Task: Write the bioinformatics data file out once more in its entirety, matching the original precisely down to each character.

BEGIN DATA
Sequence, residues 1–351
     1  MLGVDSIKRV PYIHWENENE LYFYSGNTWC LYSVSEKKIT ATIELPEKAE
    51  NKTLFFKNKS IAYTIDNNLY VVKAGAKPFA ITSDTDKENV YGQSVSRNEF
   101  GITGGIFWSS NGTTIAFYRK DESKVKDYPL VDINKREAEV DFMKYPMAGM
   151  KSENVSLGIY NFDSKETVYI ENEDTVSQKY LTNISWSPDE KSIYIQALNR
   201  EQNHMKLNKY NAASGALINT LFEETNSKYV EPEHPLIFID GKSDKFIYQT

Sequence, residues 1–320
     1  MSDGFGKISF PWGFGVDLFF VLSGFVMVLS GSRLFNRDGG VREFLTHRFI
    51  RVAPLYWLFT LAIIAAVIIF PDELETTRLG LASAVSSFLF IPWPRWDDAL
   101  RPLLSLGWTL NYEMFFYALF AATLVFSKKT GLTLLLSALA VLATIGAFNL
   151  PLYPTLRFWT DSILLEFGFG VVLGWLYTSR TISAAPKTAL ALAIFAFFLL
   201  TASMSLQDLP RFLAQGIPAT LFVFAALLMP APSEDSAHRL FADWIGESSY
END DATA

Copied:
Sequence, residues 1–351
     1  MLGVDSIKRV PYIHWENENE LYFYSGNTWC LYSVSEKKIT ATIELPEKAE
    51  NKTLFFKNKS IAYTIDNNLY VVKAGAKPFA ITSDTDKENV YGQSVSRNEF
   101  GITGGIFWSS NGTTIAFYRK DESKVKDYPL VDINKREAEV DFMKYPMAGM
   151  KSENVSLGIY NFDSKETVYI ENEDTVSQKY LTNISWSPDE KSIYIQALNR
   201  EQNHMKLNKY NAASGALINT LFEETNSKYV EPEHPLIFID GKSDKFIYQT

Sequence, residues 1–320
     1  MSDGFGKISF PWGFGVDLFF VLSGFVMVLS GSRLFNRDGG VREFLTHRFI
    51  RVAPLYWLFT LAIIAAVIIF PDELETTRLG LASAVSSFLF IPWPRWDDAL
   101  RPLLSLGWTL NYEMFFYALF AATLVFSKKT GLTLLLSALA VLATIGAFNL
   151  PLYPTLRFWT DSILLEFGFG VVLGWLYTSR TISAAPKTAL ALAIFAFFLL
   201  TASMSLQDLP RFLAQGIPAT LFVFAALLMP APSEDSAHRL FADWIGESSY